For most of my 56 years of life, I’ve heard the adage “even a blind squirrel finds an acorn now and then” when I’ve done something good, but I’m starting to wonder if it’s that simple. Next year, I’ll celebrate 35 years of marriage to my truly better half. Last December, I retired from my career as a fire fighter after 23 years of service and moved to Trempealeau County, Wisconsin. And a few years back, I was one of 10 Union members honored to be a guest on the Union Sportsmen’s Alliance’s Escape to the Wild TV show. On that trip, I hunted for ocellated turkey and puma in the Yucatan Peninsula of Mexico. To the astonishment of our outfitter, we were able to film the harvesting of a bird on the ground. All aspects of the trip were wonderful; it was truly an acorn.
One of my most memorable blessings in the great outdoors began in July 2010 when I carpooled with a fellow volunteer of the North American Squirrel Association to an annual trout fishing event. During that trip, talk about my new friend Ralph’s life in Alaska turned into an invitation to fill a vacancy in a group flying to northern Ontario to hunt moose. I said yes before the odometer recorded another tenth of a mile! As the summer passed, we met periodically and discussed our future hunt in the North. Ralph was the only experienced moose hunter in the group, and we were all trying to absorb everything he could tell us.
Finally, September 17th, 2010 arrived, and we were on our way to Alaska with our minds filled with the promise of new adventure. After stopping for the night in Thunder Bay, Ontario, we drove the last leg to the “outfitter base” and met the float plane to fly us into our camp. The flight over the Canadian wilderness was breathtaking with most trees showing full colors. The log cabin suited this group of moose hunters perfectly. And after fishing Canadian walleye and northern pike, we were not disappointed in our decision to fly in early. Acorn- check!
When moose season opened, we were ready. We had two bull (or calf), one cow and one calf tag in our pockets. Ralph and I went one direction and Pat and Mike went another. Pat and Mike’s promise of having several moose down by mid-morning passed into the night on day one. Day two yielded similar results, and by sunset of day six, we had only seen one moose collectively. Each night, we looked at the full moon, the abundance of wolf tracks and shook our heads at how often the wind blew. We thought about the outfitter’s expectation that our group would “probably” get one animal, maybe two, but three was unheard of for a group of four.
Our plan for the last day was to hunt only until noon. Since we had an early flight the next morning, we didn’t feel it was wise to risk working into the night to get an animal as large as a moose butchered and back to camp. Pat and Mike went east under a beautiful red sky that morning, and Ralph and I went south up the Ogoki River as we had every morning. The wind was wrong for the first setup, so we headed for the next area, a canal that winded back into the bush to where it was just a stream coming out of thick cover.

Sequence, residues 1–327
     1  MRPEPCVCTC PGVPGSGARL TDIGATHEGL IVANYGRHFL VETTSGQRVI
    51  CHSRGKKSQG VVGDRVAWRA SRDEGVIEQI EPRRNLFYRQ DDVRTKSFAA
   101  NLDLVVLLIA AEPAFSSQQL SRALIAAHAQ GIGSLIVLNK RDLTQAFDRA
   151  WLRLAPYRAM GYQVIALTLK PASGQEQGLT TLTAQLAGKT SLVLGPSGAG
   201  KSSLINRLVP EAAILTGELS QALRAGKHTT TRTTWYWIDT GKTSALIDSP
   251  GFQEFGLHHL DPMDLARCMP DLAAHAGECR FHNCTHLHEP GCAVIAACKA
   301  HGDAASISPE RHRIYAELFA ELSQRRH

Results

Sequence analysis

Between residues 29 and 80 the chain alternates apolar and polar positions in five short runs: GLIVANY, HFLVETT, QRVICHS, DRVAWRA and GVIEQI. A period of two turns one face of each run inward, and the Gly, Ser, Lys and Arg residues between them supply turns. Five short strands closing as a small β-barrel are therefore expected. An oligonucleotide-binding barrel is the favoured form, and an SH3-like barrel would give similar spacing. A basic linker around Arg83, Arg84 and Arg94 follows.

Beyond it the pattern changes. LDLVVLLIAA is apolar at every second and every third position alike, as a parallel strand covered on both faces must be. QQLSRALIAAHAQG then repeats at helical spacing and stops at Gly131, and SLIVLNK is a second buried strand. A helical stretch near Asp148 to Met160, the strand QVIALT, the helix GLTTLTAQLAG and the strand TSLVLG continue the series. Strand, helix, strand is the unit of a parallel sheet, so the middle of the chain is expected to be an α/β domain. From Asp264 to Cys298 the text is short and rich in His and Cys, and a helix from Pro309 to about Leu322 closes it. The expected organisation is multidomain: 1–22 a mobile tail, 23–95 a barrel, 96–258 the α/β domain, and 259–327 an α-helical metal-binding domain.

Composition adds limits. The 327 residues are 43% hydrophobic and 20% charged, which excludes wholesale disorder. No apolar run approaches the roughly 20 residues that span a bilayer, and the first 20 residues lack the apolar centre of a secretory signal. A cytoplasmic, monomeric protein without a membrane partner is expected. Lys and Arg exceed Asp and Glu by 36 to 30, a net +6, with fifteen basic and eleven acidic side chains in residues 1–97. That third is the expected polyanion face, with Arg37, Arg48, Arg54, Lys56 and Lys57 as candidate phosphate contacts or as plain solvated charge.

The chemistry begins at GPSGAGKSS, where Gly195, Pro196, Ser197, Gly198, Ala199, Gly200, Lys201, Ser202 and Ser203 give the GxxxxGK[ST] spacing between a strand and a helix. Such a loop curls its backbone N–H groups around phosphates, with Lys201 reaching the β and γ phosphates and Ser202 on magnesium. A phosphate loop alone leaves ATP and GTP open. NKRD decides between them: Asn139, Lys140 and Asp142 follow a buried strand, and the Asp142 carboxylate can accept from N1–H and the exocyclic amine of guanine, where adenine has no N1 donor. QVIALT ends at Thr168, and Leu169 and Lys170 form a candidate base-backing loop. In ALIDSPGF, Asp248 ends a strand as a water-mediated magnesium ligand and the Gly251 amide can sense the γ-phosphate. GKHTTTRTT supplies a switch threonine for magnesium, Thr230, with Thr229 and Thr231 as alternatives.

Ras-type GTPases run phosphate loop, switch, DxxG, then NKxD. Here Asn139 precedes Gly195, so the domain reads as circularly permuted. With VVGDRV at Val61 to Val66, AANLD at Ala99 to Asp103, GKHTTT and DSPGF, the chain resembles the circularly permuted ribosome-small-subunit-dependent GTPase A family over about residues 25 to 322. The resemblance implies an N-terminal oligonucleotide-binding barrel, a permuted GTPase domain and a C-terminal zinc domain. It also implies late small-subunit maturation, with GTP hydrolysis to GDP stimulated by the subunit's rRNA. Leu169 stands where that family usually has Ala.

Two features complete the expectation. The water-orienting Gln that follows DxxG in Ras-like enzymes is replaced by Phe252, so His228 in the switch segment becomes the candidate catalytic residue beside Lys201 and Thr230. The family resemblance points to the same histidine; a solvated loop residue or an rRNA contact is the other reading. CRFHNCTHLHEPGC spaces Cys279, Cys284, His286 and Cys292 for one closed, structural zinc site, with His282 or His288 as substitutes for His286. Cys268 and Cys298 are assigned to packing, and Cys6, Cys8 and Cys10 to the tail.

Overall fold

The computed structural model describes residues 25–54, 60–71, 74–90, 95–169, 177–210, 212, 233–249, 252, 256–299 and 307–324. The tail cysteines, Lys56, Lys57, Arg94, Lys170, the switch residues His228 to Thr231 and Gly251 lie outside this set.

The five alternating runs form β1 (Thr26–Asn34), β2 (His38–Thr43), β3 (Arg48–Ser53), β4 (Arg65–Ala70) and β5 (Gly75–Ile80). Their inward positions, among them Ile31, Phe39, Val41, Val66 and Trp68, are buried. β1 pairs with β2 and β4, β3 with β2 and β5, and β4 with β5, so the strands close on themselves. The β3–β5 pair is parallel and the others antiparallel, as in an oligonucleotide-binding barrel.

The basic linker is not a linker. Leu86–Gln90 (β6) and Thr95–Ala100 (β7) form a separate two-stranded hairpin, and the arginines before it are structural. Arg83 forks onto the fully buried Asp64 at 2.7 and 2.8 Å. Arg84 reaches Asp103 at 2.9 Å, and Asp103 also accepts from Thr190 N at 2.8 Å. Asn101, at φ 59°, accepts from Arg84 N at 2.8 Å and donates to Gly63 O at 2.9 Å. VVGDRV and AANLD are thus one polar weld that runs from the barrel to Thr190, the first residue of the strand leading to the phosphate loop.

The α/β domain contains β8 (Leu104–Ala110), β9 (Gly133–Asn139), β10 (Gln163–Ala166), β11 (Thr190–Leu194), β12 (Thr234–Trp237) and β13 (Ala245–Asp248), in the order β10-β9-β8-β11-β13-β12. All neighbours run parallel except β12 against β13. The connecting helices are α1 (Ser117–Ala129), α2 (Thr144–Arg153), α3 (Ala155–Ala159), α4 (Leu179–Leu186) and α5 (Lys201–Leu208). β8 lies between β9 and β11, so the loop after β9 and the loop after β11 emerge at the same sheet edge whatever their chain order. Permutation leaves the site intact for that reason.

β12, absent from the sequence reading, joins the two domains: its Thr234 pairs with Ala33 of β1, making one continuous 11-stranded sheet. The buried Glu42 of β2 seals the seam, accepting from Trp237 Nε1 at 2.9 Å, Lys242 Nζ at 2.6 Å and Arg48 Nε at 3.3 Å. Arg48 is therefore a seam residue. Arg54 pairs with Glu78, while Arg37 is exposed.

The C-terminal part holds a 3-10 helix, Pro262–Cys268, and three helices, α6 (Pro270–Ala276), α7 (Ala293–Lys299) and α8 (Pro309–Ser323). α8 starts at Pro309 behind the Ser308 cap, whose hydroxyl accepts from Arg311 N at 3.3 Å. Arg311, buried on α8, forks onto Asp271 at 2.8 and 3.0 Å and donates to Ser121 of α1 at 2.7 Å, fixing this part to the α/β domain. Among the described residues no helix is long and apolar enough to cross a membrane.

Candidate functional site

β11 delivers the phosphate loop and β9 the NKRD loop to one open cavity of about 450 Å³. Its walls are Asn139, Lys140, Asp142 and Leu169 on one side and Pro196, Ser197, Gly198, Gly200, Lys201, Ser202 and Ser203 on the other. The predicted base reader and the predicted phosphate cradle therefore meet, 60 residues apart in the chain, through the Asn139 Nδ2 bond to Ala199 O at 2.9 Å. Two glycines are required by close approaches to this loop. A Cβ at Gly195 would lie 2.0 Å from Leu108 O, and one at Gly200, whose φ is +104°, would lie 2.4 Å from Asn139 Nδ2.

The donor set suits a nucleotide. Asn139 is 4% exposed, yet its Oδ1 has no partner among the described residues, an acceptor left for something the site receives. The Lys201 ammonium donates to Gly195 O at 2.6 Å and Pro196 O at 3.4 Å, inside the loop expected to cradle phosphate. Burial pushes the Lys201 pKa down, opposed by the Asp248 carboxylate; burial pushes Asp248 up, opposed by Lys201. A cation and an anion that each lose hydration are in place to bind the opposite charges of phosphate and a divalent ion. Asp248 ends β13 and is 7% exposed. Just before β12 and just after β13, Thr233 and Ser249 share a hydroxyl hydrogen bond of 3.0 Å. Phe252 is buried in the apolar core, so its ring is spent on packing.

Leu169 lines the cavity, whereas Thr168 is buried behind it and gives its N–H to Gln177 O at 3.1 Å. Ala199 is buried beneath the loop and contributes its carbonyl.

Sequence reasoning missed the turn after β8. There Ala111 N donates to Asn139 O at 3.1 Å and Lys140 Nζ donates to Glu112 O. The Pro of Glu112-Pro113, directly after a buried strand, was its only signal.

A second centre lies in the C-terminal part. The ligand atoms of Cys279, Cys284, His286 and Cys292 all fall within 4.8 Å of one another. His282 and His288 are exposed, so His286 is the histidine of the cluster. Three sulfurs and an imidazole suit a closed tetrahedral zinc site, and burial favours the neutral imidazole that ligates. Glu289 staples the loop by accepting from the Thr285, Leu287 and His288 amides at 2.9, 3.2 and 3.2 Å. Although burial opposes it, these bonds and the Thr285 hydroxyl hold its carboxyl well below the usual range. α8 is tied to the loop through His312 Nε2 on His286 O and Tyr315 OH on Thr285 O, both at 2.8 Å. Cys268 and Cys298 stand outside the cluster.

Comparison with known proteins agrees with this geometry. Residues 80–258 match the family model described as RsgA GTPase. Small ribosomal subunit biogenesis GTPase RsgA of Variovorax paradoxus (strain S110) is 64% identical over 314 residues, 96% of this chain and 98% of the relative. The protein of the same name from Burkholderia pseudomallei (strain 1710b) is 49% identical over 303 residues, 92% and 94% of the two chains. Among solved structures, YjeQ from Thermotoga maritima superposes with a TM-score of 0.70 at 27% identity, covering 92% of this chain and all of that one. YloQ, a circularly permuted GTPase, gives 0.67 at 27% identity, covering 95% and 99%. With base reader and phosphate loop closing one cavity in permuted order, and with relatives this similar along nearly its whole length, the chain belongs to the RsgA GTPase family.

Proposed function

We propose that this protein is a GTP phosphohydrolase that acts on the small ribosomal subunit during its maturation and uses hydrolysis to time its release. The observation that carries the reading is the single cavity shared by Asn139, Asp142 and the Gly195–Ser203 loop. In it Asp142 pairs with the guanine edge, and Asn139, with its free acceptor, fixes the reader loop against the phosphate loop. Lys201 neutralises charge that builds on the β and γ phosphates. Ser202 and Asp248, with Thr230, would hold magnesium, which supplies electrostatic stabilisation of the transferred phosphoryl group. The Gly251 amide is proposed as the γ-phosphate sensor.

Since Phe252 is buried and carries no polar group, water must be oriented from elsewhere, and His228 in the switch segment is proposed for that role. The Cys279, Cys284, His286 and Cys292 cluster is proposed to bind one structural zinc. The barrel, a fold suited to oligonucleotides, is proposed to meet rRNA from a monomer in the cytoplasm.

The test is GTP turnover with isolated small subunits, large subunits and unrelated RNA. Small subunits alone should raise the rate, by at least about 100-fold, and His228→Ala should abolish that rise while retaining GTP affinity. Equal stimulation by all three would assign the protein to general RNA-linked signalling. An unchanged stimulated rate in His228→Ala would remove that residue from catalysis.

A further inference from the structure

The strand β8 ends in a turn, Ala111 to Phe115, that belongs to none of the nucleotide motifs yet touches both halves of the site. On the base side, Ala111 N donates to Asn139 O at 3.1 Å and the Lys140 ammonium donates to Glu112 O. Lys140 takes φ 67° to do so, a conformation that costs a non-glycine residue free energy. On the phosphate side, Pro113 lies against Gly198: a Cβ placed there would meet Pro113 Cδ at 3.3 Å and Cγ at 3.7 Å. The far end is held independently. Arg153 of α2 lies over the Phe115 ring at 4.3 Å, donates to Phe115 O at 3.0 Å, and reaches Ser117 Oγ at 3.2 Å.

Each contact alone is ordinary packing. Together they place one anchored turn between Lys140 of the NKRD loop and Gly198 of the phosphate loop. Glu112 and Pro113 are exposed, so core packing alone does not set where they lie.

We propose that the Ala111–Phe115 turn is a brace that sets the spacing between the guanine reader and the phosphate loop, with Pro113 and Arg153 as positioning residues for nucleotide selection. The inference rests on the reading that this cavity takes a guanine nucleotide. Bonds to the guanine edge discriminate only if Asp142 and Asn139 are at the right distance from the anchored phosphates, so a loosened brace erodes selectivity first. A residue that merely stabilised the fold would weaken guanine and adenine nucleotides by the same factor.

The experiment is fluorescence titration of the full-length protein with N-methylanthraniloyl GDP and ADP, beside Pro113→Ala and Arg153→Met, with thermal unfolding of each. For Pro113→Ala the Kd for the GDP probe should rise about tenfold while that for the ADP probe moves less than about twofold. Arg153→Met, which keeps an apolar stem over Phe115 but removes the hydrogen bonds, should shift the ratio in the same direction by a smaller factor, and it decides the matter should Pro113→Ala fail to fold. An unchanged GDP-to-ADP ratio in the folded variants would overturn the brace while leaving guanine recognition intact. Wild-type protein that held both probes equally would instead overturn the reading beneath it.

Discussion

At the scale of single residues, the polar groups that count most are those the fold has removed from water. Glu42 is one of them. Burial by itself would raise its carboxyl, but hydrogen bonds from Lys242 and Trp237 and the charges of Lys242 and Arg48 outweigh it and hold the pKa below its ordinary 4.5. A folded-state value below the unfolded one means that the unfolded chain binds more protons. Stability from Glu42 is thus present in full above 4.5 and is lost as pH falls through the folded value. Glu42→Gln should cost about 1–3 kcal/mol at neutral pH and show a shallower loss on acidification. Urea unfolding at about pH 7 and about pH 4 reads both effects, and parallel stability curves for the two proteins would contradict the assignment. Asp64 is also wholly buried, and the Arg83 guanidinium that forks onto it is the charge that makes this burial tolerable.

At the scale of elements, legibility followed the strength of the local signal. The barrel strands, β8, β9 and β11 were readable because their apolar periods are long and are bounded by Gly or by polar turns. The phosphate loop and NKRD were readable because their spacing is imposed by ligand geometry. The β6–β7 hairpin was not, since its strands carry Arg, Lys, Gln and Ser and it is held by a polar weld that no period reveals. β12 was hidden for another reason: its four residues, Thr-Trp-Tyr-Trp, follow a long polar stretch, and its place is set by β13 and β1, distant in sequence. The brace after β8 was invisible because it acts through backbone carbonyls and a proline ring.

At 8:15 that morning, we entered the first pool of the canal. My head was still in the game, but I wasn’t glassing every dark object like I had earlier in the week. Now, I was taking in a few deep breaths and simply enjoying the place and time. The boat motor was running at a slow idle. Upon entering the last bend, I had the binoculars up and saw something that hadn’t been there before.
“It’s a moose,” I yelled in my loudest whisper as I motioned for Ralph to turn the boat to shore. I jumped out and pulled the boat in, grabbing four cartridges with my free hand. Ralph told me not to worry about the boat and to get up to the bend. As I peered around the bend, I could see a medium size bull standing on the bank. Sticking my head out a little more, I could see a very large cow standing in the middle of the canal. As I stood there thinking about how I could get closer, two calves walked out from the shoreline opposite the bull. This was too good to be true; could all of our tags be filled right here?
I climbed the bank into the bush and slowly picked my way through the branches. After about 100 yards, I slid back down the bank and set up behind a stump. For 15 to 20 minutes, I watched the bull shake his head, stick out his tongue and drool. I also listened to his many different vocalizations. I watched the cow repeatedly lift her head out of the water with her mouth full of plants and listened to the water running from her fur. ACORN, ACORN, ACORN! The bull eventually quartered toward me and was finally broadside.
I estimated the distance, took the safety off and fired once, twice and with the third shot, the bull collapsed into the water. I swung on the now departing cow and fired my fourth and final cartridge. In a few steps, she too fell. I jubilantly ran back toward Ralph yelling for him to watch the floundering bull as I made my way back for more ammo. As I reloaded, Ralph shot once to finish the bull, and we came together again. I’m sure he could see as much gratitude in my eyes as I could see pride in his. We exchanged handshakes, high fives and even a hug as he listened to my story.
Then, Ralph went back to bring the boat up while I walked down the bank toward the cow. Two more shots and the calves were down. I had just harvested four moose in less than 10 minutes! Pat and Mike joined us, and we all beached, dressed, skinned, quartered, butchered and transported nearly 3,000 pounds of moose. We had all the meat hanging in less than seven hours, which was no small feat.
I no longer believe I find an acorn from time to time. I think I should go to a doctor and ask him to look for my missing horse shoe. Then again, maybe I’ll just leave well enough alone.